All About Theater

Essentials of Play Writing 1

The following ingredients are necessary for making a drama -- plot, situations, characters and dialogues; and their relative importance is shown in the order they are given.

This rule applies to both comedies and dramas. How much it may be modified to fit tragedies is not worth considering, since very few playwrights are attempting to write tragedies, a form of entertainment that is not particularly popular even in the instances hallowed by long acceptance.

The writer who creates a really good tragedy must be a poet, if not in the actual form of his work, at least in his feeling. He will not be bound by rule when the fever of composition is on him. It is best that he should write as he feels, and have his work shaped for the stage by another hand.

The ordinary dramatist ought to give more attention to the mechanics of his play than to its literary qualities. What is known as "good construction" is the great desideratum. "Construction" includes the exposition, progress and unravelling of the plot; the development of those successive stages by means of situations plaecd in the best positions and the most effective sequence; the exits and entrances of characters; the forming of the characters into groups and the dispersing thereof; and the gradual helping forward of the story by the use of hints in the dialogue and the employment of bits of action knon in stage-parlance as 'business'.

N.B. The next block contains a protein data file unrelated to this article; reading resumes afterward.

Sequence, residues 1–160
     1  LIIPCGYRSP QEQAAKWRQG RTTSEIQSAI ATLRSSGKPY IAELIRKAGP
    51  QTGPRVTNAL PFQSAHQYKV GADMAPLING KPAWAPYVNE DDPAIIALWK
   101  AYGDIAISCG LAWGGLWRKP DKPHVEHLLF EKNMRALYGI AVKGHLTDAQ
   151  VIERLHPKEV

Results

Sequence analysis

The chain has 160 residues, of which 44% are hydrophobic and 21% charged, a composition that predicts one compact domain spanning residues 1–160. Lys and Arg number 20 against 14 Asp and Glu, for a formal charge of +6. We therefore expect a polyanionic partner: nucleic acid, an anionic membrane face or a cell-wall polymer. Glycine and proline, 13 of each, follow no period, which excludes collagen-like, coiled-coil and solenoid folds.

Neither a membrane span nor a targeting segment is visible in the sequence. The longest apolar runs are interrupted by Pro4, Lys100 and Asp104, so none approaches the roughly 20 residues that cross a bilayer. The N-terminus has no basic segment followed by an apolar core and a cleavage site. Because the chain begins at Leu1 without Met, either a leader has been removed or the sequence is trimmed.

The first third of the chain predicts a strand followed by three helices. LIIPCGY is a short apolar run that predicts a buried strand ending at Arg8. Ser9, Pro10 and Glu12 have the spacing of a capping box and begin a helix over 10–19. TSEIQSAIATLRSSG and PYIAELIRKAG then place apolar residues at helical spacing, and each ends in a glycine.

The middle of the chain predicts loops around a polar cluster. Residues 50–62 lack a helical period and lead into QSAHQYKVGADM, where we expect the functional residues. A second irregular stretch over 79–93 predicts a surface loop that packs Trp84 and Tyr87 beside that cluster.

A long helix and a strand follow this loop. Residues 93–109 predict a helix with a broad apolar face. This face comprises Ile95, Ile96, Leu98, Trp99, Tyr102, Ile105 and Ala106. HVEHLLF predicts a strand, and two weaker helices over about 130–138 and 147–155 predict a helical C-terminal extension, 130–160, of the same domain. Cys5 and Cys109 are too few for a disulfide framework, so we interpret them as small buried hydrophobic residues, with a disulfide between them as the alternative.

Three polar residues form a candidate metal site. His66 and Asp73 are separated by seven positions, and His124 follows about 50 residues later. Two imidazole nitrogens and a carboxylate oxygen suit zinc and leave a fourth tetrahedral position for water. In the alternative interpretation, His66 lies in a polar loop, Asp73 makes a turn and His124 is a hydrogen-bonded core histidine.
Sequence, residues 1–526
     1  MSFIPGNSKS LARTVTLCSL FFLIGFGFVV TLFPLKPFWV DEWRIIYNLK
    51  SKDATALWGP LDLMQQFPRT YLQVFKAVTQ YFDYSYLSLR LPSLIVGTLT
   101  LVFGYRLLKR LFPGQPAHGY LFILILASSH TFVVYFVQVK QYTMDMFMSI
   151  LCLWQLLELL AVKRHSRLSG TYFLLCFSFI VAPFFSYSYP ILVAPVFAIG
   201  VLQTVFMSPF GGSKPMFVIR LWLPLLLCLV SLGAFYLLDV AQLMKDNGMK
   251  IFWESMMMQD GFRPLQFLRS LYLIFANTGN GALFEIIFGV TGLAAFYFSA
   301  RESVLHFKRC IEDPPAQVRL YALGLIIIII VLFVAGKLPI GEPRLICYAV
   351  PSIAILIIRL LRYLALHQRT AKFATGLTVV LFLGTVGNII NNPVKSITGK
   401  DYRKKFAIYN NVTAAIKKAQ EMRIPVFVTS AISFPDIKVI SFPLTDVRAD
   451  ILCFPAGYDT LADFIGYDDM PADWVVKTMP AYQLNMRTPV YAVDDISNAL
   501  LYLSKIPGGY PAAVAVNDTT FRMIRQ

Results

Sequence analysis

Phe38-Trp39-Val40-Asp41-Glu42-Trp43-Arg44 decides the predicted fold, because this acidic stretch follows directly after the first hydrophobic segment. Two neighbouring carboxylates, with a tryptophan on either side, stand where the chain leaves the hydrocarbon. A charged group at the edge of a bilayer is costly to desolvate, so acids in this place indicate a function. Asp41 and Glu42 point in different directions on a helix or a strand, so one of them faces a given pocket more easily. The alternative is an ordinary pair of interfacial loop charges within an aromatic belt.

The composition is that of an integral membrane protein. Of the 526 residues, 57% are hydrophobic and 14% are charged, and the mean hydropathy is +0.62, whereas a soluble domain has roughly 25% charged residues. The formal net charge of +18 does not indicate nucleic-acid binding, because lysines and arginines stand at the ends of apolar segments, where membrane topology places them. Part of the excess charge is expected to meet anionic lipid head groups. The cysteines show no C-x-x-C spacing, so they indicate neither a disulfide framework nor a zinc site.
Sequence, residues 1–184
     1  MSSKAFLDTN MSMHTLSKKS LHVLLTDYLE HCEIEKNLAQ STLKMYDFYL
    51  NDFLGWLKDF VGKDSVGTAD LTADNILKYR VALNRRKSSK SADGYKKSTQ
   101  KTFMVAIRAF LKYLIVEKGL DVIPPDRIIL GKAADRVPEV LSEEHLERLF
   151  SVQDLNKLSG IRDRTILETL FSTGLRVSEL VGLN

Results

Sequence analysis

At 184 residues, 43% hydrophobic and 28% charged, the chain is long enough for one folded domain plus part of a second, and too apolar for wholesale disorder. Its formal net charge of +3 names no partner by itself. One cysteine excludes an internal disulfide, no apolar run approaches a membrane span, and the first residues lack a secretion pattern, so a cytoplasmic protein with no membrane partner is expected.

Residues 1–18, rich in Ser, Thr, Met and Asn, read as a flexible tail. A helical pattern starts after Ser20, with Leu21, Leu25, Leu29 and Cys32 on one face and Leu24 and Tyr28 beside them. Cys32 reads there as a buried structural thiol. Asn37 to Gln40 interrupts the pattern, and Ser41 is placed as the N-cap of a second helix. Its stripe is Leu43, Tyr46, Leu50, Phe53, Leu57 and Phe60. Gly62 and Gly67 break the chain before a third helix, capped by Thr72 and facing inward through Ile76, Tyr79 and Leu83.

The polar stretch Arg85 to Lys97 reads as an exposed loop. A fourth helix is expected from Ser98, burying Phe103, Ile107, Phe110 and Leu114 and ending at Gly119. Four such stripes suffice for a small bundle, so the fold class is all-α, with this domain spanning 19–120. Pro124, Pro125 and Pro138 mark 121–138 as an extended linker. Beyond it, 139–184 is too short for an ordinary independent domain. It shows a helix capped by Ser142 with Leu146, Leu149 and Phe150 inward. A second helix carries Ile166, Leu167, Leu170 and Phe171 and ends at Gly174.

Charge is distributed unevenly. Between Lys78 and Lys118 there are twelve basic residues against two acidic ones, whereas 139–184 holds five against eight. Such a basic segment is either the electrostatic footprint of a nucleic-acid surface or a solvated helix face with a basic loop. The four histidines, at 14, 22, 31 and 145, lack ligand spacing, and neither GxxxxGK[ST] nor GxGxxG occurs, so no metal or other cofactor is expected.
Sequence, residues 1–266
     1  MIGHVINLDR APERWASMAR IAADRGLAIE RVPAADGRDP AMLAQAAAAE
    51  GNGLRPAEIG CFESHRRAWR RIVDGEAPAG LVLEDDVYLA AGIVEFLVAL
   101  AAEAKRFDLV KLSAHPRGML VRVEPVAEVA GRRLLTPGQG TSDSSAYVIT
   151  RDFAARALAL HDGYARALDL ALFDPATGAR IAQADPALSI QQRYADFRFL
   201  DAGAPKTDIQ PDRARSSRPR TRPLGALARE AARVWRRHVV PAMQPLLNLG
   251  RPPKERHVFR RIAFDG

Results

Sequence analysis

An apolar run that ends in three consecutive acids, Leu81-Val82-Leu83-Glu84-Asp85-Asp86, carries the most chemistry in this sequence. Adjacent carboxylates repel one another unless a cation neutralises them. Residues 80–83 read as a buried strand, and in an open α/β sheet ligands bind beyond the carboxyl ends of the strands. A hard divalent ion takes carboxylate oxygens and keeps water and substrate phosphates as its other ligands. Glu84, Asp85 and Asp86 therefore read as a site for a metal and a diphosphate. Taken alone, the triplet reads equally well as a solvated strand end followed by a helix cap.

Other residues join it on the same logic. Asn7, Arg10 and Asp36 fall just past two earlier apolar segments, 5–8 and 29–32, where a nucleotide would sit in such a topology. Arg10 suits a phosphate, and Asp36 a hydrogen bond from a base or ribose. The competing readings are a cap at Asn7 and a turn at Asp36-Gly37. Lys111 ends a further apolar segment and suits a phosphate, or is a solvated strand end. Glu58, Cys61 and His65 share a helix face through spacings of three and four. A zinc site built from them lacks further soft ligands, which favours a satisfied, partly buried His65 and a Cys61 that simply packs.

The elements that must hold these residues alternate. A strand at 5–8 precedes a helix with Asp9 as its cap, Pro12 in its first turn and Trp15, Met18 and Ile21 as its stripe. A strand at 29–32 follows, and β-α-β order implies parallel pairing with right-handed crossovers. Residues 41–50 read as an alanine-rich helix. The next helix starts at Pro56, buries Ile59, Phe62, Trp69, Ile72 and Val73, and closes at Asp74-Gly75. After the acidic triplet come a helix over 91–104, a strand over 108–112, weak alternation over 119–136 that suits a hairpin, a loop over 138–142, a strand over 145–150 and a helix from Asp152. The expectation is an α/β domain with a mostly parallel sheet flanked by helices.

A well-constructed play may be fitly compared to a Roman mosaic. It is composed of hundreds or thousands of minute pieces, each one of which has its value in creating the general effect, while the absence of nay one would leave an ugly gap. In seeing a play we are in the same relative position as if we were watching a workman put together his mosaic. At first the importance and value of each sentence or action are as difficult to distinguish as in the case of each additional square of stone; but after a time the apparently detached and disconnected morsels growin to a complete an systematic design.

The artistically made play has not in it a word or a deed which does not help on the action. Nor is anything omitted which is needed to make the situation clear and the development reasonably logical. If such omission were made, we should feel that the workman had left out one of his cubes and seriously injured the value of the work.

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